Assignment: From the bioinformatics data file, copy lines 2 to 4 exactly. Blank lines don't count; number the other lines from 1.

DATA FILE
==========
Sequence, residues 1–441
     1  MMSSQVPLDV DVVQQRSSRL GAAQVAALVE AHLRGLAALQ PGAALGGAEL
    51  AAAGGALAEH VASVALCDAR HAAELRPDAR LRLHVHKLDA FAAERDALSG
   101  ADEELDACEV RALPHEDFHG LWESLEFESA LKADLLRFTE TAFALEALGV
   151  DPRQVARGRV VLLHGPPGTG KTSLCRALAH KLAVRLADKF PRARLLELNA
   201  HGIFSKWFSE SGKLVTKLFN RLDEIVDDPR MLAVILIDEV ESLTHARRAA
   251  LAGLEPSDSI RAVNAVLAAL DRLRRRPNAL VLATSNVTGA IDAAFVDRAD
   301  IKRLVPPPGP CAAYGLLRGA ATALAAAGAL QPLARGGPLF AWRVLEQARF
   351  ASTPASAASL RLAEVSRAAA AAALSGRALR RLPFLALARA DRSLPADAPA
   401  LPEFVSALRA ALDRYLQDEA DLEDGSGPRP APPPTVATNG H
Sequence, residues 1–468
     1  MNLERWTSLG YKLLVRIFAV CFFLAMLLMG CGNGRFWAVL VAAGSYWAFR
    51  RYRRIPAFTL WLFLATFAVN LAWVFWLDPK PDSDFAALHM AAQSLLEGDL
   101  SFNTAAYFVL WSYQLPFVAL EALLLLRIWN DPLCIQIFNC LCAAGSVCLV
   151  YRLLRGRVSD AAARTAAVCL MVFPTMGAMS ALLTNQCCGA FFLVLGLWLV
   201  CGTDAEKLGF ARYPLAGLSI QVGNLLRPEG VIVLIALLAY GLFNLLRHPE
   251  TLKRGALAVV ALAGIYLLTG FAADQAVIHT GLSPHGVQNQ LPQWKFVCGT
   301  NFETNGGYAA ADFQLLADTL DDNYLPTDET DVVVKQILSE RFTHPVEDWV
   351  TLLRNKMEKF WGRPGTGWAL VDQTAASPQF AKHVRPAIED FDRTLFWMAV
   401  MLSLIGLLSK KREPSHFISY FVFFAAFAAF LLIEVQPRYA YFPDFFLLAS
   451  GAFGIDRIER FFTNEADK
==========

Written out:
     1  MMSSQVPLDV DVVQQRSSRL GAAQVAALVE AHLRGLAALQ PGAALGGAEL
    51  AAAGGALAEH VASVALCDAR HAAELRPDAR LRLHVHKLDA FAAERDALSG
   101  ADEELDACEV RALPHEDFHG LWESLEFESA LKADLLRFTE TAFALEALGV